Moby Dick (Fall 2014): Playwright Julian Rad adapted Herman Melville’s great American novel for an Off-Off-Broadway production in 2003. Michael Burnham, recently retired from a long career as a professor of drama at UC’s College-Conservatory of Music, will co-direct the show with designer Andrew Hungerford. The tale of revenge and obsession with Captain Ahab pursuing the great white whale that maimed him has been stripped to its essence for what promises to be a highly theatrical endeavor that uses sea chanteys and creative staging.

In addition to these full-scale productions, Know has announced several Fringe “encores,” the return of shows that were hits during the festival’s 10th iteration back in June. Jon Kovach will repeat his powerful one-man show based on Ron Jones’ The Wave (Aug. 26-27); comedian/storyteller/singer Kevin Thornton will present Stairway to Kevin (Sept. 6 and 13); and Paul Strickland’s one-man trailer park fairytale comedy, Ain’t True and Uncle False (Oct. 11-12).

Tickets for the full-productions are $15 in advance, and $20 the week of the performance; Fringe “encore” tickets are $12. Know offers sets of six-show flex passes for $90 that do not expire. They can be exchanged for tickets for any of these productions. For more information: 513-300-5669 or www.knowtheatre.com.

 
 
by Rick Pender 10.08.2009
Posted In: Theater at 09:37 AM | Permalink | Comments (0)
 
 

Footlighters Open 'Sweeney Todd' Tonight

What would musical theater be like without the contributions of Stephen Sondheim? Not much. Over the past 50-plus years (his first Broadway show was West Side Story in 1957), Sondheim has contributed lyrics and music — often both — to nearly 20 musicals. Which one is the greatest? There might be room for argument here (there are so many to choose from), but most Sondheim fans put Sweeney Todd at the top of their list.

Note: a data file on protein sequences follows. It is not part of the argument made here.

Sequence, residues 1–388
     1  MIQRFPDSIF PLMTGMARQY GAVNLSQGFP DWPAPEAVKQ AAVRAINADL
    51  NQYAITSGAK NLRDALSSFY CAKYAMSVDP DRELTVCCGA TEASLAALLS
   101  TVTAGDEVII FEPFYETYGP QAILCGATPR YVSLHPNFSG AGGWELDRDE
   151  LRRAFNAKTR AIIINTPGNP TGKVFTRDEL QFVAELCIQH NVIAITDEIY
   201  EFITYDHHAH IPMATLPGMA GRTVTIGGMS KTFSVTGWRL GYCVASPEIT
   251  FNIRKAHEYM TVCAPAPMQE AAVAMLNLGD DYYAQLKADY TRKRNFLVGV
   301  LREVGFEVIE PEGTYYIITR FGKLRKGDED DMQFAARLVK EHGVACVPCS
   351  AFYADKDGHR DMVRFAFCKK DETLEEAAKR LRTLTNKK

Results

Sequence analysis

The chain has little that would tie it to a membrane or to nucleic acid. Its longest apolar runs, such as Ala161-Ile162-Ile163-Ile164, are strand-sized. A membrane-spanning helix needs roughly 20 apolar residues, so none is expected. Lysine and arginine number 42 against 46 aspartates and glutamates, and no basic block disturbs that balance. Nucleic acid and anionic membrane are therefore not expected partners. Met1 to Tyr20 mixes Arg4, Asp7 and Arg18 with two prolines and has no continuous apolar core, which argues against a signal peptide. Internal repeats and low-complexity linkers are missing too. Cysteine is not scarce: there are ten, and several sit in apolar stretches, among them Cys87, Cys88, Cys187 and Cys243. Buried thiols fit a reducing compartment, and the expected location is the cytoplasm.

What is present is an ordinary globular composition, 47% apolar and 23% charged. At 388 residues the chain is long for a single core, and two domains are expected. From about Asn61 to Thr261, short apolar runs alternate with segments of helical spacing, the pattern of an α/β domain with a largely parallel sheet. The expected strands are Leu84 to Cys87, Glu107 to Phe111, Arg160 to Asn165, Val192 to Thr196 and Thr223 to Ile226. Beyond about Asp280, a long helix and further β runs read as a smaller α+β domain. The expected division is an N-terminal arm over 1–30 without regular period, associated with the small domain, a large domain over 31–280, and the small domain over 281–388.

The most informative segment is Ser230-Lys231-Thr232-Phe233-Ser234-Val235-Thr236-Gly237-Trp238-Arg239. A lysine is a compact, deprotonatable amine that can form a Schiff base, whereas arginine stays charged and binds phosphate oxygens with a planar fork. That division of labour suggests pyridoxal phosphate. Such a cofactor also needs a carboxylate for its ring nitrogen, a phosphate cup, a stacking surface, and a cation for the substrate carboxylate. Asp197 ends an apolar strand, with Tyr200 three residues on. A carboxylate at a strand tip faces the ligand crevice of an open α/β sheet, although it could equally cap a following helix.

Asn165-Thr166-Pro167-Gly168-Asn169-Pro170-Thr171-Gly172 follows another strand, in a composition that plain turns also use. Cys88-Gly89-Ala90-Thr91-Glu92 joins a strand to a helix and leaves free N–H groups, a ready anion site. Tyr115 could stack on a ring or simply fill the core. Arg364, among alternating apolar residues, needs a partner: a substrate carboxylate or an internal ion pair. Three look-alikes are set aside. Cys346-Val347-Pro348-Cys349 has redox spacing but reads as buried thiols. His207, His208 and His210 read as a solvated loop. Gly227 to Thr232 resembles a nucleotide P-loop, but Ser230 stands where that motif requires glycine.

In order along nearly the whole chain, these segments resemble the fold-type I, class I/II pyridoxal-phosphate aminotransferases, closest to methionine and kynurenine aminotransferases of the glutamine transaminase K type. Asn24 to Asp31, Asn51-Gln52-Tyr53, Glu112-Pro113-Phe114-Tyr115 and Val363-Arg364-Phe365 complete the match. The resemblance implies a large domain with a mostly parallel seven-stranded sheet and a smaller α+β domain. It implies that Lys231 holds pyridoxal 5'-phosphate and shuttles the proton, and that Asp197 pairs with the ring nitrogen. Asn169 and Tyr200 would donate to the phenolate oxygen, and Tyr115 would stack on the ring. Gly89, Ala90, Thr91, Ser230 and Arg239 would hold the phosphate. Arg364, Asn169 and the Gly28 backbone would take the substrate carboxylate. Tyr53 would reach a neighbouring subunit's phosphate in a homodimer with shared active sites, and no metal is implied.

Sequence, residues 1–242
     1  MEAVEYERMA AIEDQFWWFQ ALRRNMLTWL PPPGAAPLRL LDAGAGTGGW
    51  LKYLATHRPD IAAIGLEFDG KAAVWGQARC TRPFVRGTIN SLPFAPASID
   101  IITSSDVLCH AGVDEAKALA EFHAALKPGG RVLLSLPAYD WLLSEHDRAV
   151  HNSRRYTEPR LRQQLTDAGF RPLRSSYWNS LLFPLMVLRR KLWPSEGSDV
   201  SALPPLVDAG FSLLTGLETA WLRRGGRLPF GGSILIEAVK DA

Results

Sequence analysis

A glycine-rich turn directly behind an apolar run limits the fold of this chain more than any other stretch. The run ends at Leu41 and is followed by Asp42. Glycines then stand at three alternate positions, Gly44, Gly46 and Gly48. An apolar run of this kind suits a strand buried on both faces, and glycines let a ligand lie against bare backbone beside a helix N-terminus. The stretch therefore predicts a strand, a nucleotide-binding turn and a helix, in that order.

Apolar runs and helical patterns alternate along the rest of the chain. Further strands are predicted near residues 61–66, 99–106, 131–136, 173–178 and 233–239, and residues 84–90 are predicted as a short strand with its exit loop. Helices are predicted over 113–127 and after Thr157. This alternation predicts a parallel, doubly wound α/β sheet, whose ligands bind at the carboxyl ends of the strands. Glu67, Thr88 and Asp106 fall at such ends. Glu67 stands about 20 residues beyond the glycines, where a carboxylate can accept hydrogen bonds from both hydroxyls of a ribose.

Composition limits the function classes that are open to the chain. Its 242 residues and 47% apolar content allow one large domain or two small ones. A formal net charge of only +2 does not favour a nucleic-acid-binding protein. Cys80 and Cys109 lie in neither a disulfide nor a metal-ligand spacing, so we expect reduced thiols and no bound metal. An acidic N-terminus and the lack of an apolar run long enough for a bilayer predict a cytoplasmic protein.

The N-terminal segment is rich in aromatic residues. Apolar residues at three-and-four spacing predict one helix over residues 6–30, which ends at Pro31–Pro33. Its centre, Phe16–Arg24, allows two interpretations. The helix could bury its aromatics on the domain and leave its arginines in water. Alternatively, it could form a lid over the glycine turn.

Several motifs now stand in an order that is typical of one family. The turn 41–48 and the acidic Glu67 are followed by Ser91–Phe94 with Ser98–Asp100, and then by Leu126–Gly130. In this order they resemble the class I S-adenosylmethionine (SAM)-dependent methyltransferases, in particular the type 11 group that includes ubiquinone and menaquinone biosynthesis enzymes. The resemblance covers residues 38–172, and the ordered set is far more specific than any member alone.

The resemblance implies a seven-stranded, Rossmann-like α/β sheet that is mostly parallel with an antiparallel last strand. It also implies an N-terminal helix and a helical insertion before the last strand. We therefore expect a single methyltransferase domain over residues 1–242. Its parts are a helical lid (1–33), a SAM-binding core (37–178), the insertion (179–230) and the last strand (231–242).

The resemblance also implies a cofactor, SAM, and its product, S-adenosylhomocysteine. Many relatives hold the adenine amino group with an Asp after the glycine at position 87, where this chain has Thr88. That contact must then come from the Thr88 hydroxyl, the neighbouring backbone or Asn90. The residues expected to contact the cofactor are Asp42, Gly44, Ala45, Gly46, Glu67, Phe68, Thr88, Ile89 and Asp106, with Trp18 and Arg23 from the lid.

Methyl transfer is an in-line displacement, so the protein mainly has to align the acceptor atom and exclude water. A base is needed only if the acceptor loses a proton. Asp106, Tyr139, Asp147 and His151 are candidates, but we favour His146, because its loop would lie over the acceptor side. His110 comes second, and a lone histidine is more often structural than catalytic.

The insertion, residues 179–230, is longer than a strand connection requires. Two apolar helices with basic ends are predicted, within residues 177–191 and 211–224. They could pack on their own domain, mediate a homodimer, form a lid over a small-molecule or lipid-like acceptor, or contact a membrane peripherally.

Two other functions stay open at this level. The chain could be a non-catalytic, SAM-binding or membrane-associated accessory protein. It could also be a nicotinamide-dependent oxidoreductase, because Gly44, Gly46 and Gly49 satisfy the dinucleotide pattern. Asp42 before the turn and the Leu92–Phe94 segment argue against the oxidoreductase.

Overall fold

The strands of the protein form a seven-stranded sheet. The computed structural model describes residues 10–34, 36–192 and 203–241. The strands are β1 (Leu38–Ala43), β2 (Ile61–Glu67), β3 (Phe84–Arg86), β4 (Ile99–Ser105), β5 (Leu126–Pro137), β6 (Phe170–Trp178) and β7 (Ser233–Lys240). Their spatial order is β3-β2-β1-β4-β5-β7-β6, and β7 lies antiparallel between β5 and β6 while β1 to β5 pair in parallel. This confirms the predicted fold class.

Sondheim created the tale of the “Demon Barber of Fleet Street” with the notion that he wanted it to scare people, and it’s done just that for three decades. It’s a great show in the run-up to Halloween — what with Sweeney’s collaboration with Mrs. Lovett to turn his victims into meat pies — and that’s surely what Footlighters, Inc., had in mind when they scheduled it. (It opens tonight and continues through Oct. 24.)

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by 08.31.2009
Posted In: Theater at 04:58 PM | Permalink | Comments (0)
 
 
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Theater CEAs a Big Hit Last Night

The 13th annual Cincinnati Entertainment Awards for Theater were handed out last night in a loose, fun event at Below Zero Lounge in Over-the-Rhine. Amazingly, 11 different local theater organizations took home a trophy: Cincinnati Playhouse, Ensemble Theatre, Cincinnati Shakespeare, Know Theatre, College-Conservatory of Music, New Stage Collective, New Edgecliff Theatre, Cincinnati Music Theatre, Footlighters, Covedale Center for the Performing Arts and Artemis Exchange for a production at the 2009 Cincy Fringe Festival.

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by Rick Pender 02.20.2015 130 days ago
Posted In: Theater at 09:46 AM | Permalink | Comments (0)
 
 
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Stage Door: Fatherless Families on Cincinnati Stages

Just how can Tracy Letts' sprawling play August: Osage County be wedged into the tiny Clifton Performance Theatre on Ludlow? Director Buz Davis knows that this show is more about characters and great dialogue than the set; he told me so. (Read more in my Curtain Call column here.) He's made it possible for you to sit in the midst of the home of the cantankerous Westons as they fuss and fight when their father goes missing and their mother's addiction to pain killers spills over into everyone else's lives. The show won both the Pulitzer Prize and the Tony Award in 2008, so it's one you should have on your list to see if you're a serious theatergoer. (Through March 13). Tickets: 513-861-7469.